For example, St. Patrick’s Day has gone from being a cultural celebration of being Irish to a day where everybody gets drunk and wears green. Cinco De Mayo has gone from being a cultural celebration of being Mexican to a day where everybody gets drunk and eats tacos. Days like Easter and Christmas, which used to be days of holiness for that faith, have been reduced to capitalist spending extravaganzas. Ain’t nobody pondering American independence on the 4th of July; they wanna pop fireworks and eat.
Trust me that is not what we want as a people for Juneteenth.
We have already seen ridiculous attempts from Wal-Mart and Dollar Tree to capitalize on the holiday, with silly red-black-and-green items on sale, appropriation ice cream, and the like. They even tried to trademark Juneteenth, damn fools. That’s the kinda garbage that we wanna avoid participating in.
The federal government made Juneteenth a national holiday—but did nothing to ease the plight of Black Americans regarding home ownership, community policing, strengthening Black banks, the school-to-prison pipeline, increasing Black investiture in the market, supporting HBCUs, or anything economically more relevant to Black Americans other than a day off to eat barbecue. Your friends who aren’t invested in Blackness will tell you that such menial attempts by the corporations are their way of participating. After all, they’ll tell you, we thought y’all wanted to be equal. That’s not what you want, and that’s NOT equality anyway. You cannot let other people tell you what Juneteenth is supposed to mean to your community.
The Jews do not care if you wear a yarmulke on Rosh Hashana. The Muslims do not care if you fast for Ramadan. These are for their ethnicity and culture, not yours. They don’t care if you give them the day off; they were gonna take it anyway. It is important to them. It is holy to them. It represents who they are. Juneteenth must always be important to us. It must be holy to us. I must represent who we are—not who corporate America wants us to be.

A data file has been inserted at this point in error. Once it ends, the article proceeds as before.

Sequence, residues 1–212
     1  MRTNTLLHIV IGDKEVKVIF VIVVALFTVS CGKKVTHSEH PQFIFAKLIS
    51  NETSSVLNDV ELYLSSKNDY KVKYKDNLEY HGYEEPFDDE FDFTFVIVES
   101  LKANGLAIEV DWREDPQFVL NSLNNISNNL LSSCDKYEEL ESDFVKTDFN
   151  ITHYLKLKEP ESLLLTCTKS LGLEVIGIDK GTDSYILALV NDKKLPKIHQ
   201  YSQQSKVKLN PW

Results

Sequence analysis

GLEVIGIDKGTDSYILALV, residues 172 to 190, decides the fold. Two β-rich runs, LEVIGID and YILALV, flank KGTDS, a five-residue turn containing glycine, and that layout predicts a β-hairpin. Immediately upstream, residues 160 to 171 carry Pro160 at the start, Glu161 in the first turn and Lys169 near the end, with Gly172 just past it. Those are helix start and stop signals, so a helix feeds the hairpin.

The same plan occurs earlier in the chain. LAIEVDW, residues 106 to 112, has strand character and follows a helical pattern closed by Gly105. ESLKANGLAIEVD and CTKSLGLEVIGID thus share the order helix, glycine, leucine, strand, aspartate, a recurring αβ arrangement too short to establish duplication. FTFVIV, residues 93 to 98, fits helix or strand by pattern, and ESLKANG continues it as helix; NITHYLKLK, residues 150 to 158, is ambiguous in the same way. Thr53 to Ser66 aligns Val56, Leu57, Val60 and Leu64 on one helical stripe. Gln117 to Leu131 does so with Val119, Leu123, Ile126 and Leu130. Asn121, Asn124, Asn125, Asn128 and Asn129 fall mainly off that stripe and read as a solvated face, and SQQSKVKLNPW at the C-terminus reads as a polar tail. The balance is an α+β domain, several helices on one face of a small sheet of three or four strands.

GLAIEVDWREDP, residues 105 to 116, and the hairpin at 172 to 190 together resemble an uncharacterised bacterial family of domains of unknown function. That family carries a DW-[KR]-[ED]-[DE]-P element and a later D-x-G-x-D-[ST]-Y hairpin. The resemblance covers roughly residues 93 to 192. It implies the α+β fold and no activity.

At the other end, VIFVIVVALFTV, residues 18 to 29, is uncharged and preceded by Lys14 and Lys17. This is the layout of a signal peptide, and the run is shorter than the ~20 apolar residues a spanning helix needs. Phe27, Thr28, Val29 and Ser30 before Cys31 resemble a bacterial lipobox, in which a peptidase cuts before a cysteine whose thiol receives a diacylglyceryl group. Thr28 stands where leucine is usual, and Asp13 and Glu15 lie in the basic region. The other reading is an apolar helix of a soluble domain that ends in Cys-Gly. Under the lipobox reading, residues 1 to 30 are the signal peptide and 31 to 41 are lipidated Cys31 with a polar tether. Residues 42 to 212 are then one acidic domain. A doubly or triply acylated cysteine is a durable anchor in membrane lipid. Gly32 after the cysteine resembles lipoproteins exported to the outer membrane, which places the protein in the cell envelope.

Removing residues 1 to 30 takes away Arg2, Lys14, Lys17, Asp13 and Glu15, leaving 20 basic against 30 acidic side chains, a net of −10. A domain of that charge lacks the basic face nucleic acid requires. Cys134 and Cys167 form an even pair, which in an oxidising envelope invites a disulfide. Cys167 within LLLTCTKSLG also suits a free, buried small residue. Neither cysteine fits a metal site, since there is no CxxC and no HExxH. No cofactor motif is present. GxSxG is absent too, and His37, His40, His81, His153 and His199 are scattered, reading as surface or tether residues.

If you want Juneteenth to stay serious, you cannot let the other folks water down the importance. You can’t let them commercialize it to where it becomes silly. You gotta keep it important to you and to yours, and you can only do that if it means something special to your ethnicity and culture. Don’t let them do Juneteenth the way they’ve done to MLK Day.
Let’s keep Juneteenth holy and sacred to us, a yearly reminder of what our ancestors endured and what this nation condoned—whether we gotta go to work that day or not.
Fatherhood is more than giving money. It’s more than taking them places. For a boy, he learns how to act as a man and act toward a woman. For a girl, she learns what to expect in a man and how to be comfortable being a woman. Be the Black fathers that your family and our community need you to be. Be the men that make your sons say, “I wanted to be the man he is.” Be the men that make your daughters say, “I wanted a man like him.” Be the men who make us all proud to tell you, “Happy Father’s Day.”
The monument reads, “A Place of Celebration and Pain.” That’s the spirit of Juneteenth, and that spirit was the driving part of The Inkwell–and still is, to this day. When we celebrate Juneteenth, we celebrate the ending of the pain of slavery. Yes, decades afterward, we still endured the separation that caused us to need places like The Inkwell, but that is why we reflect and remember–and, possibly, strategize for the future.
CEO life ain’t no joke. There ain’t no days off. You stay on your grind. However, February presents another kinda challenge! You are literally missing two or three days to get it in! There is a way to get it in, even when you don’t have the days that you would usually have! Here are four ways to reach your goals in a short month.